About Margaret James

Margaret James

Margaret James was born and brought up in Hereford and now lives in Devon. She studied English at London University, and has written many short stories, articles and serials for magazines. She is the author of sixteen published novels.

Her debut novel for Choc Lit, The Silver Locket, received a glowing review from the Daily Mail and reached the Top 20 Small Publishers Fiction List in November 2010 and in the same year a Reviewers’ Choice Award from Single Titles. The Golden Chain also hit the Top 20 Small Publishers Fiction List in May 2011. The Wedding Diary was shortlisted for the 2014 Romantic Novel of the Year Award.

Novels: The Silver Locket, The Golden Chain, The Penny Bangle, The Wedding Diary and Magic Sometimes Happens which are part of the Charton Minster series.

Coffee and Tea Clip Art Set purchased on Etsy; made by rachelwhitetoo.further enroads into the contemporary ‘charton minster’:

Goodness, goodness! Things happen so quickly in the modern stories for Charton Minster, that’s for sure! Getting caught up in the tailwind of what is surging into Patrick’s life was quite numbing – considering he had so much at stake to lose and hardly any moment to spare thinking about how to stave off his wife from extracting his children out from under him whilst she relocated to the UK with a new beau who (claims) to make her happy again! My, oh my – quite the upstart on this Contemporary – especially if you intermix into the fold a spin of a suspense about what is causing the ache in Rosie’s spirit after attending a recent funeral?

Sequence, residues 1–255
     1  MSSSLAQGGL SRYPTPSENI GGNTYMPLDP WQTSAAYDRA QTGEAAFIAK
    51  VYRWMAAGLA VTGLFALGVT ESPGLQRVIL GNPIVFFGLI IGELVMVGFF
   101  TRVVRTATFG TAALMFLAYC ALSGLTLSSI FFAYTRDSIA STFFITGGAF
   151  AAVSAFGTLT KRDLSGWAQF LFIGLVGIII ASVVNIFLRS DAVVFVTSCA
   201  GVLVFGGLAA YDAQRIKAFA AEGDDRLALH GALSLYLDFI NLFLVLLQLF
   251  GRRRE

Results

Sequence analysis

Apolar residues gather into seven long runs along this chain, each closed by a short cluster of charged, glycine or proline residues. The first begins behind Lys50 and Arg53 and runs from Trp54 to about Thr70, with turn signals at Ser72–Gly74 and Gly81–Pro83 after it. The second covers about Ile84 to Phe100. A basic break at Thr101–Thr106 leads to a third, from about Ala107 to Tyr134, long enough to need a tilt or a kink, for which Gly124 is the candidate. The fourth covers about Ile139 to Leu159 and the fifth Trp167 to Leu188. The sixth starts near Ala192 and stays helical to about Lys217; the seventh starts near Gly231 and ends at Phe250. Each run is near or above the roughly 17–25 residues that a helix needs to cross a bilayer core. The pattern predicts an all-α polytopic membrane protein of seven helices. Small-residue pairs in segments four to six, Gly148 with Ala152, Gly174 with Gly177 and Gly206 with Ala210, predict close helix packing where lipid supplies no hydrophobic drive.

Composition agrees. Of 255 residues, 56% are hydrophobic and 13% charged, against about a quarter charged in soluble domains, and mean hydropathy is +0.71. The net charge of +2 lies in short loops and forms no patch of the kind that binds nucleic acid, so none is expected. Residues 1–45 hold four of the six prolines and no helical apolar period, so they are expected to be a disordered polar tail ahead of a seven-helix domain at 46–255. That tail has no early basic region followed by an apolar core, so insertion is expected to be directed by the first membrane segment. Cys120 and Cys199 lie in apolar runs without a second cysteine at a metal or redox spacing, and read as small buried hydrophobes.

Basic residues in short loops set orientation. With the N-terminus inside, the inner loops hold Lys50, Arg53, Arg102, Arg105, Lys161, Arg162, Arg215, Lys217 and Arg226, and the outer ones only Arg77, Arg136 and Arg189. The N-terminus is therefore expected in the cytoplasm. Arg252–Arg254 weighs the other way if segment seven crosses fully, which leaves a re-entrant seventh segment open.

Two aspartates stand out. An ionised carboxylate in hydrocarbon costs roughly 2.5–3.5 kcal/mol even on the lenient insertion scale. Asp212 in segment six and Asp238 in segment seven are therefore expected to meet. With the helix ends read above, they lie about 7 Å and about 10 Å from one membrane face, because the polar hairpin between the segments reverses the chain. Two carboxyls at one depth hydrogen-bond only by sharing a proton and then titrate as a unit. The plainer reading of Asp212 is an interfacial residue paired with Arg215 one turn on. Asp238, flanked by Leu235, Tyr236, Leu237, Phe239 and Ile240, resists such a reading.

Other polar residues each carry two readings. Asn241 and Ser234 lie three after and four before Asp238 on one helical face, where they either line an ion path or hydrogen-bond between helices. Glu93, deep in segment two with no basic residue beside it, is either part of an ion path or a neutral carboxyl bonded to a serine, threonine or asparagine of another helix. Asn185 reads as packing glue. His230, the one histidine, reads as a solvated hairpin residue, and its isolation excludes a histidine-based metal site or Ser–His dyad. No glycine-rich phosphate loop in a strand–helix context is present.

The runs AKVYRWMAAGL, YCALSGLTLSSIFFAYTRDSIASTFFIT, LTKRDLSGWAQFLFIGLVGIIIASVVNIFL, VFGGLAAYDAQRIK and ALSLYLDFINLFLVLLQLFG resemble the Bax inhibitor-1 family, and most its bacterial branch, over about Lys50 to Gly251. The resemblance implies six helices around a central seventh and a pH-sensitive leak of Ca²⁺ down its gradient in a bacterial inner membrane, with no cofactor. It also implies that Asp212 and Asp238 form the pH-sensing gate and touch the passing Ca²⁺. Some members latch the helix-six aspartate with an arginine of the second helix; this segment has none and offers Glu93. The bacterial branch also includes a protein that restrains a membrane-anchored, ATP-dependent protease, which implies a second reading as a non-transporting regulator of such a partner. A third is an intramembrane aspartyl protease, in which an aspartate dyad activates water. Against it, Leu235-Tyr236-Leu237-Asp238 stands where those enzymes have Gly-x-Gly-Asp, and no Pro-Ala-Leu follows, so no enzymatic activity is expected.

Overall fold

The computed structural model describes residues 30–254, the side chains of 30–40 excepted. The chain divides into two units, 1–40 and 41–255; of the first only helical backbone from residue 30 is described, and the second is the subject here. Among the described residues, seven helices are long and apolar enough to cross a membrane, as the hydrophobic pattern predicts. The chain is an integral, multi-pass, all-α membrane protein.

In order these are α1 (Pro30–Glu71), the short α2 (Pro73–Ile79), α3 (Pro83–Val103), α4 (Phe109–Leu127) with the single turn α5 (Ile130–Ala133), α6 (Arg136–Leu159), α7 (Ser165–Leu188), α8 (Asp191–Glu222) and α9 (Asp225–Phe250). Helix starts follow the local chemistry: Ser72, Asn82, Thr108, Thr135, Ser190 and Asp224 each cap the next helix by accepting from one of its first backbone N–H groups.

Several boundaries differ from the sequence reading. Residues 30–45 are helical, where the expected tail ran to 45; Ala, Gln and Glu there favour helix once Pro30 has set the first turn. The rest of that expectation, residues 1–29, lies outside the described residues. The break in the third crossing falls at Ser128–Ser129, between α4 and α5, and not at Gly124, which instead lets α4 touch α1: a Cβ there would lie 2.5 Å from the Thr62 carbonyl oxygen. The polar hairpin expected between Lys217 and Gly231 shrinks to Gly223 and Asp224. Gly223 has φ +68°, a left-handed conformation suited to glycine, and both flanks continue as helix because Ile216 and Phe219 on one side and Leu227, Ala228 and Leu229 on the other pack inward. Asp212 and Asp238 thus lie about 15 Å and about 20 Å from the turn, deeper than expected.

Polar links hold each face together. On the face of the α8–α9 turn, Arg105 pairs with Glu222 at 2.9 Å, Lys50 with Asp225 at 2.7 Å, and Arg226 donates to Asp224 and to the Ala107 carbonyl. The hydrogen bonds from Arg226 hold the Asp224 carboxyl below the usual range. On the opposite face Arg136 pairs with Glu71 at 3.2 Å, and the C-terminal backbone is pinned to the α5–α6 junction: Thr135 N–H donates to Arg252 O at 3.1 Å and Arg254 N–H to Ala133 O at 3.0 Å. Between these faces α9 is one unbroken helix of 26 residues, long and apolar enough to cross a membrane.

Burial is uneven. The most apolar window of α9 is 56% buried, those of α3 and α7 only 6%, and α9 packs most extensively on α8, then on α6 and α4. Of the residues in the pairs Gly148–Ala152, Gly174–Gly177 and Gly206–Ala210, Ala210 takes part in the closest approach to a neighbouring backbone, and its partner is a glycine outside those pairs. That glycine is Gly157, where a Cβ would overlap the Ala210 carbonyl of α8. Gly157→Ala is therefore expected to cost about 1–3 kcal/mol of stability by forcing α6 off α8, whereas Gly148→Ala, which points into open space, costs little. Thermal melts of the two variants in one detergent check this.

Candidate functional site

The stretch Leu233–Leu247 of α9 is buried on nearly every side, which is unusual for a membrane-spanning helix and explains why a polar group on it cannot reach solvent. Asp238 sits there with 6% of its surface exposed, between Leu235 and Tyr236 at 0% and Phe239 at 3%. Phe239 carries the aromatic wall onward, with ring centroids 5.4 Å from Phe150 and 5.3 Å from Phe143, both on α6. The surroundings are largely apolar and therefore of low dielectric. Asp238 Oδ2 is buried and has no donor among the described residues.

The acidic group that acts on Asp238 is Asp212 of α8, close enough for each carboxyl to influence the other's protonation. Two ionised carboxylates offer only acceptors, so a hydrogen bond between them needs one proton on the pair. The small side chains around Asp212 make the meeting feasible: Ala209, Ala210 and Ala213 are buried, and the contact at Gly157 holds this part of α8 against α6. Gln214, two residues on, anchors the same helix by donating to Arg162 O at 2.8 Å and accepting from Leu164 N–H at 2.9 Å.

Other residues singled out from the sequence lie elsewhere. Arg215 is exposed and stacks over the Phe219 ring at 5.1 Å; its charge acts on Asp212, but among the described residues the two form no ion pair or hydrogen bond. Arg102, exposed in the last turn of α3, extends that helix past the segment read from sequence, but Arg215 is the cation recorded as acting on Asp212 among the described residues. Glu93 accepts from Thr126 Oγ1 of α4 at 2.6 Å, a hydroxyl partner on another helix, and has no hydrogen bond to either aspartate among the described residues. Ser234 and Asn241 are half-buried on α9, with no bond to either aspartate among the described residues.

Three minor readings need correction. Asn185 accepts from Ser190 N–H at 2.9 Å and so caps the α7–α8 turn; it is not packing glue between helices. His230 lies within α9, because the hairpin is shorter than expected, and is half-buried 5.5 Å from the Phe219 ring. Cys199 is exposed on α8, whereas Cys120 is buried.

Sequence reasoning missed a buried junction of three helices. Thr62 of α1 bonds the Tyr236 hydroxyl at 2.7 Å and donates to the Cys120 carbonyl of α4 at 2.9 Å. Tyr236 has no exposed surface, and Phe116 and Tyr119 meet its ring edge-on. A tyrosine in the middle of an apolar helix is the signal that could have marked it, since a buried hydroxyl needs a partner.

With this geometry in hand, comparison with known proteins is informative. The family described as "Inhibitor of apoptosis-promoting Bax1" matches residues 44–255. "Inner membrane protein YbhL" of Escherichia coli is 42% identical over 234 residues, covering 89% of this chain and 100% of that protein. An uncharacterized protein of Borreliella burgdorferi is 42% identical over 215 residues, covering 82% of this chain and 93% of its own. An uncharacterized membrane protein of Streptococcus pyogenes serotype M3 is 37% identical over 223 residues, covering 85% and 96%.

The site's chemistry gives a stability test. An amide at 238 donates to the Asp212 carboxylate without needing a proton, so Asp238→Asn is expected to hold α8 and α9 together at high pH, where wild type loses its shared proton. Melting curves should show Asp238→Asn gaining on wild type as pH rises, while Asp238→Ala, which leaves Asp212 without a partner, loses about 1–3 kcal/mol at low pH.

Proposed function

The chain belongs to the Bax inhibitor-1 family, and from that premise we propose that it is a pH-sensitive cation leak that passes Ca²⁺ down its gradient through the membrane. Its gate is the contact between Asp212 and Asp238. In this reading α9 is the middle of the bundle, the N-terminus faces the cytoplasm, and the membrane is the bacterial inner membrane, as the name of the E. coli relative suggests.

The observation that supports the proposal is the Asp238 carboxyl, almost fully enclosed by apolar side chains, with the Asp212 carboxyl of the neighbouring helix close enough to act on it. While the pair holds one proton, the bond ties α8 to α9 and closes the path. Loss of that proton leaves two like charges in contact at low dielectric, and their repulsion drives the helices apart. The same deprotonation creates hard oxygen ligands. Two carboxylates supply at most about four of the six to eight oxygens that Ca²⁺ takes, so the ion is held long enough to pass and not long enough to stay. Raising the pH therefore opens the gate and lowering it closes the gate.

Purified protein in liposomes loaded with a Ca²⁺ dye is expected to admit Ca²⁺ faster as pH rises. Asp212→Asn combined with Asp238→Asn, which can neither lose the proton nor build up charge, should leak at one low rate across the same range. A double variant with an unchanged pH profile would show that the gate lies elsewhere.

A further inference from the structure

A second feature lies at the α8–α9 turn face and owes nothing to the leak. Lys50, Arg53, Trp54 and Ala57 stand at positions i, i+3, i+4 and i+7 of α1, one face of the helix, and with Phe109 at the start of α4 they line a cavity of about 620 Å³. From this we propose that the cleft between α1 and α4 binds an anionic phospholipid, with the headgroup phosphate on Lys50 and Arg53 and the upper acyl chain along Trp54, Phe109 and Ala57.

My Review of magic sometimes happens: